Waad Mohammed as Wadjda in Wadjda

Waad Mohammed as Wadjda in Wadjda

Wadjda is a charming and fun coming-of-age film about Wadjda (Waad Mohammed), an 11-year-old Saudi Arabian girl, who enters a Qur’an recital competition so that she can use the prize money to buy a bicycle. In such an aggressively patriarchal society such actions are hugely defiant and the film explores the everyday challenges that women and girls face when living with such extreme gender discrimination.


I finally caught up with The We and the I, which had some very limited screenings in Melbourne last year and was released onto DVD in Australia in late February. It is astonishing that this film has flown so far under the radar, as it is not only a Michel Gondry film, but I believe it is his best film since Eternal Sunshine of the Spotless Mind (2004). Developed over three years of workshops with teenagers who went on to act in the film, it follows the dynamics on a school bus heading through the Bronx in New York City, USA, on the last day of school. Gondry’s distinctive visual style is suitably restrained, and he very skilfully draws the audience into the various mini-dramas that occur throughout the journey.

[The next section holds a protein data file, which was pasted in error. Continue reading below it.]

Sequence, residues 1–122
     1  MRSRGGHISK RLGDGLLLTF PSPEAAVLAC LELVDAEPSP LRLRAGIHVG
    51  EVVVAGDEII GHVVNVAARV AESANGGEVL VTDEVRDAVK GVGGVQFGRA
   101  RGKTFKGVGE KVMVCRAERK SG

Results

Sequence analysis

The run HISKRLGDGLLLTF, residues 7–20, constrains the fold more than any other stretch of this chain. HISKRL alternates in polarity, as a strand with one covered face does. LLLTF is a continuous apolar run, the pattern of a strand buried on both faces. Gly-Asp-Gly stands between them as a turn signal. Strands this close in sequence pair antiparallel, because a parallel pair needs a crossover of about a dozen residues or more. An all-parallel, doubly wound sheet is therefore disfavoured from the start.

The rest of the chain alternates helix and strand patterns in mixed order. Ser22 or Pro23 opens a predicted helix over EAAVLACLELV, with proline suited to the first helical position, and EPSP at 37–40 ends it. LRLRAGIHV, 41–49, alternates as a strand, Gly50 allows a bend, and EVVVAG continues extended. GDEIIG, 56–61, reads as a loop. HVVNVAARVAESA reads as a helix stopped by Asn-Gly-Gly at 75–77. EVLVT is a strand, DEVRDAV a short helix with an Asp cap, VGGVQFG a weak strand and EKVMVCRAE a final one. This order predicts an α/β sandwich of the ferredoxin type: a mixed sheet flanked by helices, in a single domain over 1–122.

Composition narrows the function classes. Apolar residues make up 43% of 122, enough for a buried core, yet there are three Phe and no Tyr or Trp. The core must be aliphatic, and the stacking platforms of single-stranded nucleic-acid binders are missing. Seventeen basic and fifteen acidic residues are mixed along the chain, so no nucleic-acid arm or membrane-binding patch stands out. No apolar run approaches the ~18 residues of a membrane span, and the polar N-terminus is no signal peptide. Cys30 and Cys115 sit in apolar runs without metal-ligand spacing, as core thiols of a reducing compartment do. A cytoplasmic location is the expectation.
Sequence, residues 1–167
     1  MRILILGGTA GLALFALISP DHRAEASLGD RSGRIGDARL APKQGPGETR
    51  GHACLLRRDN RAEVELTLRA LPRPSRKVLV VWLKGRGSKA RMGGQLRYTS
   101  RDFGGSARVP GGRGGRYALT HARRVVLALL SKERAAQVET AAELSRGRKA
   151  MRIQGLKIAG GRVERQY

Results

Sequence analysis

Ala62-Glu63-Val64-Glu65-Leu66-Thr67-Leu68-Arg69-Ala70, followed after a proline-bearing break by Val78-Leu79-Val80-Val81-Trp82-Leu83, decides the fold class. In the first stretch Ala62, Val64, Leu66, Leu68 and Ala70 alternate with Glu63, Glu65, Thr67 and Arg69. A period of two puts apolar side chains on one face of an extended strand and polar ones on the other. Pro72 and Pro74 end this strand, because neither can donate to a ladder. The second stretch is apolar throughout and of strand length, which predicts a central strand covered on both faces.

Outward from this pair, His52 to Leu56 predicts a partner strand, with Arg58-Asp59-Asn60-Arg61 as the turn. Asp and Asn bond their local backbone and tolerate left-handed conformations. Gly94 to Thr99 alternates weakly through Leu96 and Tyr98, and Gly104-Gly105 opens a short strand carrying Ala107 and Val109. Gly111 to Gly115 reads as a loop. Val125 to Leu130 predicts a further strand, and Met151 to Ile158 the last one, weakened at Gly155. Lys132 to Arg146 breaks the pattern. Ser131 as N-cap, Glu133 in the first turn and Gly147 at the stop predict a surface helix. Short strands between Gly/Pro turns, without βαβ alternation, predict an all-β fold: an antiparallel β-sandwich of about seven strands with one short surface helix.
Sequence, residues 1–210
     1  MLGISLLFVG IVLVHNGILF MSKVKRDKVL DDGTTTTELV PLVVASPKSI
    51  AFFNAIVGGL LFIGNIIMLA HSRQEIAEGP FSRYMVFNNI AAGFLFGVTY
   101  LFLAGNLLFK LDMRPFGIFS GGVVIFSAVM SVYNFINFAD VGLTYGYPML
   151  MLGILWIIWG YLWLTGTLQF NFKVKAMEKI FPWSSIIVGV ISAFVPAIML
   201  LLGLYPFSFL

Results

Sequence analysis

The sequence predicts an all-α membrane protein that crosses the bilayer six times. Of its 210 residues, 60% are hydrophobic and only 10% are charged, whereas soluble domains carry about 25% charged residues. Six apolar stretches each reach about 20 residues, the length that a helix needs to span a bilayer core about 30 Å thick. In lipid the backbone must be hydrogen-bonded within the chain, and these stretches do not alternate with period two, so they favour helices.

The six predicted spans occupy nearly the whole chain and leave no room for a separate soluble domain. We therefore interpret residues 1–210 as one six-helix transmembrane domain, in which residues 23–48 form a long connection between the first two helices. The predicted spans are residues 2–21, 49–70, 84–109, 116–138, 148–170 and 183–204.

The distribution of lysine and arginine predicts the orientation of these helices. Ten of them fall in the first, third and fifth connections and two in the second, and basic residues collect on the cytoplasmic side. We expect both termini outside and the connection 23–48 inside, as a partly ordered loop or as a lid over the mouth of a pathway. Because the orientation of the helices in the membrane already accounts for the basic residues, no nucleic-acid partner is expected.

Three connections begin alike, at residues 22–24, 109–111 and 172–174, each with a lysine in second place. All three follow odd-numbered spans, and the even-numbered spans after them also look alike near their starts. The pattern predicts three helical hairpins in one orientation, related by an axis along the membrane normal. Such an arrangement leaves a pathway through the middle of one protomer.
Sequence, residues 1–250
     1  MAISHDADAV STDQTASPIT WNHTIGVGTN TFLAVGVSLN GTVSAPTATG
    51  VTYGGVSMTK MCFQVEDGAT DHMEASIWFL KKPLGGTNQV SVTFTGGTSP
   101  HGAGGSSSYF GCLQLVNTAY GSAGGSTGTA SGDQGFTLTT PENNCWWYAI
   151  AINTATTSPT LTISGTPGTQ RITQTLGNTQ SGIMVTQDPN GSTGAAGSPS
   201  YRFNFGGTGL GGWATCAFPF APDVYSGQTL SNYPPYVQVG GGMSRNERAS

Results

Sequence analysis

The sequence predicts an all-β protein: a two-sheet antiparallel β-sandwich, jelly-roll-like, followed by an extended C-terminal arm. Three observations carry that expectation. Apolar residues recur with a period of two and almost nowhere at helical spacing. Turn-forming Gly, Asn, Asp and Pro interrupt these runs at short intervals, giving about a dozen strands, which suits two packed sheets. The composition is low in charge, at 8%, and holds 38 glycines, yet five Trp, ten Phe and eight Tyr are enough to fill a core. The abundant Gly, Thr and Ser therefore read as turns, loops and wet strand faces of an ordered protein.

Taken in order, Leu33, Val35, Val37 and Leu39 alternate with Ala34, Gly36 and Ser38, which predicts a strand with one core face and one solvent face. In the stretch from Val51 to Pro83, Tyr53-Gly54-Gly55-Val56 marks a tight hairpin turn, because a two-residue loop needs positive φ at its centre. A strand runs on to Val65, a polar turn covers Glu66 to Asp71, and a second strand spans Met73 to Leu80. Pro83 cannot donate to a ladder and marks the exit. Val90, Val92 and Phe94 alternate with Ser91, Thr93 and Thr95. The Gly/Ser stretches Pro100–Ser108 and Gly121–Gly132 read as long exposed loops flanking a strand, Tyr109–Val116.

I have also written a short review about What Richard Did, which is the other notable DVD release I want to mention. It’s a strong drama about personal accountability that very convincingly builds up to a pivotal incident and then explores how that incident affects a community by looking at grief, guilt and culpability among individuals and groups. It’s an Irish film, but strikingly relevant to Australian society.

Thomas Caldwell, 2014

DVD review – What Richard Did (2012)

23 March 2014

Jack Reynor as Richard Karlsen

Jack Reynor as Richard Karlsen

If 18-year-old Richard Karlsen were Australian, he’d be frequently referred to as a good bloke and used as a role model for masculinity. Charismatic, attractive, intelligent and an accomplished rugby player, he looks after his mates, stands up to bullies and takes care of vulnerable women. He also comes from a privileged background in South Dublin and is used to things going his way. One night when his judgement is clouded by alcohol and jealously he does something that will shatter several lives and potentially put an end to the bright future ahead of him.